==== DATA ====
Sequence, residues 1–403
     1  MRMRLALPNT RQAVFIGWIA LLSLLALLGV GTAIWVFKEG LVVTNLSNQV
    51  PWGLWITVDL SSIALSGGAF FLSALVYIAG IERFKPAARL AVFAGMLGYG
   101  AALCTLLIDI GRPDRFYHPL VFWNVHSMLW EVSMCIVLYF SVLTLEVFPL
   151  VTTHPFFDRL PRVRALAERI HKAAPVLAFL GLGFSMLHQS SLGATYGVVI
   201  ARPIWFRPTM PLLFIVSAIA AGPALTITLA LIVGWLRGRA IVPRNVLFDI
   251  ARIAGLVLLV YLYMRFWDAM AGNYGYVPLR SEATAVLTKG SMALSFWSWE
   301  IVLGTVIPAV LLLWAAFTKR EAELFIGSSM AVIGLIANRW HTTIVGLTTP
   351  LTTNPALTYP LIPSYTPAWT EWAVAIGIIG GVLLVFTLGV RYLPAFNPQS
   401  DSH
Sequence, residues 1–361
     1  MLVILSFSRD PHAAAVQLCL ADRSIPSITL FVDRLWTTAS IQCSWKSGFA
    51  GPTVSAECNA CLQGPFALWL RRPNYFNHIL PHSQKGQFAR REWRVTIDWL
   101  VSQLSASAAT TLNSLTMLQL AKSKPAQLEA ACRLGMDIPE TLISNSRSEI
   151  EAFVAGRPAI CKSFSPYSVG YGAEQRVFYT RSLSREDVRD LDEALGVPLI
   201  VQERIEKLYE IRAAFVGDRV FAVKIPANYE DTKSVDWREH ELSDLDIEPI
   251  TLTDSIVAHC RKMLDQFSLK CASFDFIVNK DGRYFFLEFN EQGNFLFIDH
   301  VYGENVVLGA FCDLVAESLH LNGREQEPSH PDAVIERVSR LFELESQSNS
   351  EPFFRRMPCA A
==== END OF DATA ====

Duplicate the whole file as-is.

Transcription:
Sequence, residues 1–403
     1  MRMRLALPNT RQAVFIGWIA LLSLLALLGV GTAIWVFKEG LVVTNLSNQV
    51  PWGLWITVDL SSIALSGGAF FLSALVYIAG IERFKPAARL AVFAGMLGYG
   101  AALCTLLIDI GRPDRFYHPL VFWNVHSMLW EVSMCIVLYF SVLTLEVFPL
   151  VTTHPFFDRL PRVRALAERI HKAAPVLAFL GLGFSMLHQS SLGATYGVVI
   201  ARPIWFRPTM PLLFIVSAIA AGPALTITLA LIVGWLRGRA IVPRNVLFDI
   251  ARIAGLVLLV YLYMRFWDAM AGNYGYVPLR SEATAVLTKG SMALSFWSWE
   301  IVLGTVIPAV LLLWAAFTKR EAELFIGSSM AVIGLIANRW HTTIVGLTTP
   351  LTTNPALTYP LIPSYTPAWT EWAVAIGIIG GVLLVFTLGV RYLPAFNPQS
   401  DSH
Sequence, residues 1–361
     1  MLVILSFSRD PHAAAVQLCL ADRSIPSITL FVDRLWTTAS IQCSWKSGFA
    51  GPTVSAECNA CLQGPFALWL RRPNYFNHIL PHSQKGQFAR REWRVTIDWL
   101  VSQLSASAAT TLNSLTMLQL AKSKPAQLEA ACRLGMDIPE TLISNSRSEI
   151  EAFVAGRPAI CKSFSPYSVG YGAEQRVFYT RSLSREDVRD LDEALGVPLI
   201  VQERIEKLYE IRAAFVGDRV FAVKIPANYE DTKSVDWREH ELSDLDIEPI
   251  TLTDSIVAHC RKMLDQFSLK CASFDFIVNK DGRYFFLEFN EQGNFLFIDH
   301  VYGENVVLGA FCDLVAESLH LNGREQEPSH PDAVIERVSR LFELESQSNS
   351  EPFFRRMPCA A